The U.S. Government, with assistance of public and private organizations, steadily implements policy in cooperation with the Newly Independent States (NIS), a term that encompasses the former USSR, in the areas of education, business, economics and culture. The purpose is to assist NIS countries in their transition to individual enterprise and a market economy. Educational institutions and information technology are playing increasingly important roles in this cooperation.
In the NIS countries, educational reform proceeds in several directions: expansion of access to higher education in part via electronic distance learning; flexibility and responsiveness to the requirements of the labor market; decentralization and relying more on regional educational centers; and revision and expansion of fundamental sciences and humanities courses.
Calif. State Univ. Reaches Out
As a major multicultural educational institution, California State University, Los Angeles (CSULA) is reaching out to build more academic bridges in the world. Their Center for Newly Independent States Studies (CNISS) contributes to the strategic goals of building and securing educational, business and cultural links between the U.S. and NIS countries.
The Center's activities encompass electronic distance education and business cooperation between the U.S. and NIS countries. The CNISS collaborates with faculty of various universities in the U.S. and in NIS countries to act as a center for packaging, delivery and administration of low-cost international educational courses over the Internet for students and practitioners. In some NIS universities, the Internet has already established its presence in all three areas of faculty activity: teaching, research and service.
In 1994, one author of this paper (L. Slusky) visited Tomsk Polytechnic University (TPU) in the city of Tomsk -- the oldest and largest scientific and educational center in Russia beyond the Urals -- and its Cybernetic Center. This visit became a starting point in a pilot project in Electronic Distance Education provided by CNISS in California to TPU's Cybernetics Center in Russia, held during the spring of 1995.
This paper reports the findings of this pilot project and views of its various participants.
"Why," as well as "What"
Since the printing press was first introduced, there has not been any development that has brought greater revolutionary changes to the education process than that which is contributed by computer technology. Universities are now capable of bypassing boundaries of distance and time, educate more students with less resources, and better relate teaching methods to individual learning capacities. In the future, universities may cease to exist in their current form as physical facilities. They may instead act as middlemen of educational services.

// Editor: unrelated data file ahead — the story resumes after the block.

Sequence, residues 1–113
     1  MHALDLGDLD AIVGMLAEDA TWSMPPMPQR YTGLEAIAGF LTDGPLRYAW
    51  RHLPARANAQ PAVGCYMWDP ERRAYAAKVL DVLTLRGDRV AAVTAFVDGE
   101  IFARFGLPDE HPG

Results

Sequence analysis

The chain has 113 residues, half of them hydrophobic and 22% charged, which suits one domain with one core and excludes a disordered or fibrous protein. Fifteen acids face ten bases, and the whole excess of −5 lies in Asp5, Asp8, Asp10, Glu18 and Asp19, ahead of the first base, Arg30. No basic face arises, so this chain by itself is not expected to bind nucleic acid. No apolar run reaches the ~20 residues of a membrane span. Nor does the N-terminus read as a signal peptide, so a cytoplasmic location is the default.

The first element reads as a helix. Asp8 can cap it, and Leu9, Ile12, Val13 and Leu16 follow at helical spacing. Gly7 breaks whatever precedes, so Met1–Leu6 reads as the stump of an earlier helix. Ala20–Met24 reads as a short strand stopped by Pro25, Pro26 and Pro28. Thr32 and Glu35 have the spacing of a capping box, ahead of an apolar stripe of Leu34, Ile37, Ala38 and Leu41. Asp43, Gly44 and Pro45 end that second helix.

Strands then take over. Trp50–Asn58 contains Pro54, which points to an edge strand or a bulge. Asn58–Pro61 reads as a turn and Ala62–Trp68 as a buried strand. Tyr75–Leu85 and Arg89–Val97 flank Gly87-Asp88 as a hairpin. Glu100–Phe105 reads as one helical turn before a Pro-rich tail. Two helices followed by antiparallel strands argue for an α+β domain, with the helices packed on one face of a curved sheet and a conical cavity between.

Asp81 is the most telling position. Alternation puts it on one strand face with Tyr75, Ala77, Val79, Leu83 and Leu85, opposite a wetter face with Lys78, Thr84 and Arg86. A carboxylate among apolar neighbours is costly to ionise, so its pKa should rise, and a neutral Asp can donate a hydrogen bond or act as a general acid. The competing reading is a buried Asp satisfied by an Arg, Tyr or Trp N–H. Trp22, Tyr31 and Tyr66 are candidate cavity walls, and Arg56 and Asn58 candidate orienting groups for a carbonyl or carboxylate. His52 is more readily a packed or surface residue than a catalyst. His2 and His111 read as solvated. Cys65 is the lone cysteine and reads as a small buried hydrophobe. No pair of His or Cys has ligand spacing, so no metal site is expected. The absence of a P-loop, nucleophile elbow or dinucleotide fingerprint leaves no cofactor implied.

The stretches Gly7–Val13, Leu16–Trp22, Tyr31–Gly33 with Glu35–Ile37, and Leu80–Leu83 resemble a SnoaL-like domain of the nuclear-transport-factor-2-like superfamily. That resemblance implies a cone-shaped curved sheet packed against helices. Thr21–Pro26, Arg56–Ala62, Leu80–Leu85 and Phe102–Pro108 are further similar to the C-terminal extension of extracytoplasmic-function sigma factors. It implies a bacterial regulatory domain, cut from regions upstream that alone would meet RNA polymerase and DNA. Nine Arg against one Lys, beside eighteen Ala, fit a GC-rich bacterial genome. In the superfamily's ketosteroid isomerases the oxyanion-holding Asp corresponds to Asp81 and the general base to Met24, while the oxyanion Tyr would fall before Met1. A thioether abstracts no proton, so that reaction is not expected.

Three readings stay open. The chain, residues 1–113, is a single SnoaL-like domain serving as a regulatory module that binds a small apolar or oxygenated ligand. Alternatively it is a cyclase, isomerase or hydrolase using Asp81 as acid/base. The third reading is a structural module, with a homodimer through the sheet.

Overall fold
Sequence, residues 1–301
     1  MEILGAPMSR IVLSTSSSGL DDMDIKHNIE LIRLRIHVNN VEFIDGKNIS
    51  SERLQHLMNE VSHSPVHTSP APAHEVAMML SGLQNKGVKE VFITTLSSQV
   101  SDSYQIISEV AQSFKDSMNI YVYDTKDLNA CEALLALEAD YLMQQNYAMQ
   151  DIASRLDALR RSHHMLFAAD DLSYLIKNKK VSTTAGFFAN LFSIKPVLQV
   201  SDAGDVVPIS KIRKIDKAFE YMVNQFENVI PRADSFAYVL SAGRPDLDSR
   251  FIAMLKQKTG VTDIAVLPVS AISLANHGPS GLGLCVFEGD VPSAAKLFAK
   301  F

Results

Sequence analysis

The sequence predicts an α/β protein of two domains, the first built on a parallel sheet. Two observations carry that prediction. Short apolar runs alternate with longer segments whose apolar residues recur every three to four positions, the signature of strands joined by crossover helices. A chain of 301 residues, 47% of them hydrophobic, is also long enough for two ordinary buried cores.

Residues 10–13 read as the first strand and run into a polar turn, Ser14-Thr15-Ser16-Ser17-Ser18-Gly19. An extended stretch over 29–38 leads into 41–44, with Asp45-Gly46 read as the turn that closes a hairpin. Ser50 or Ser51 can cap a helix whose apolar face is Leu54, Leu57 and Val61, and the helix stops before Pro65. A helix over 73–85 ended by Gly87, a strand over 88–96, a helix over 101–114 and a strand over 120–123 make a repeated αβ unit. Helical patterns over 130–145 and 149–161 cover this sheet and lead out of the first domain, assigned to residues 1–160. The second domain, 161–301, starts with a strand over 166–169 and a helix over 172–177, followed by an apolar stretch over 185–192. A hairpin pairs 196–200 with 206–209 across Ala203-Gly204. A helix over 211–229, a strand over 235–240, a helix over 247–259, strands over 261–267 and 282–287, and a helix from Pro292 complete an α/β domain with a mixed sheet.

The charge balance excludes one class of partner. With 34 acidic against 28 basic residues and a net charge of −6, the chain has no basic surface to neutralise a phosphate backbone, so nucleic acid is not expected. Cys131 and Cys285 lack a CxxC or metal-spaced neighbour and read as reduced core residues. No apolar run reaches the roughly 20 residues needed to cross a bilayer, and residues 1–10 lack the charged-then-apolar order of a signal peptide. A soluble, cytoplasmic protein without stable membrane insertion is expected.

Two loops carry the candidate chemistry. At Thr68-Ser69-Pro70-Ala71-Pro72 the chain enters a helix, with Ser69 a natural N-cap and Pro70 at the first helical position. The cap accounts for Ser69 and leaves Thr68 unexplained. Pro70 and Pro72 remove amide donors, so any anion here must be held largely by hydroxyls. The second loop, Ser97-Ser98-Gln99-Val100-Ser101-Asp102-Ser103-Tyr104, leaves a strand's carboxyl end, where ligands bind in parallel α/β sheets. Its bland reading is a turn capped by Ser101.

In evaluating high-tech options, universities stand among a new wave of technology consumers interested with "why" as well as "what." Why generate the investments required to bring new technologies on campus? For CNISS, new information technologies are at the heart of its mission to strengthen educational opportunity. The Internet is the embodiment of the power of technology to do just that.
The course selected to investigate electronic distance learning between two countries was "Decision Support Systems" taught by another author of this article (P. Partow.) This course was designed and delivered via e-mail and the Electronic Distance Education System (EDES) managed by CNISS. The course was taught to a geographically remote group of students selected to participate in the project.
Partner University in Russia
Tomsk Polytechnic University (TPU), founded in 1896, was the first and is still the largest, technical university in Russia beyond the Urals. The university's advanced engineering programs employ considerable computer resources including some 1,000 personal computers, plus networks with a bridge to the Internet, to Fidonet (a noncommercial global network), and to Relcom (a Russian information network). …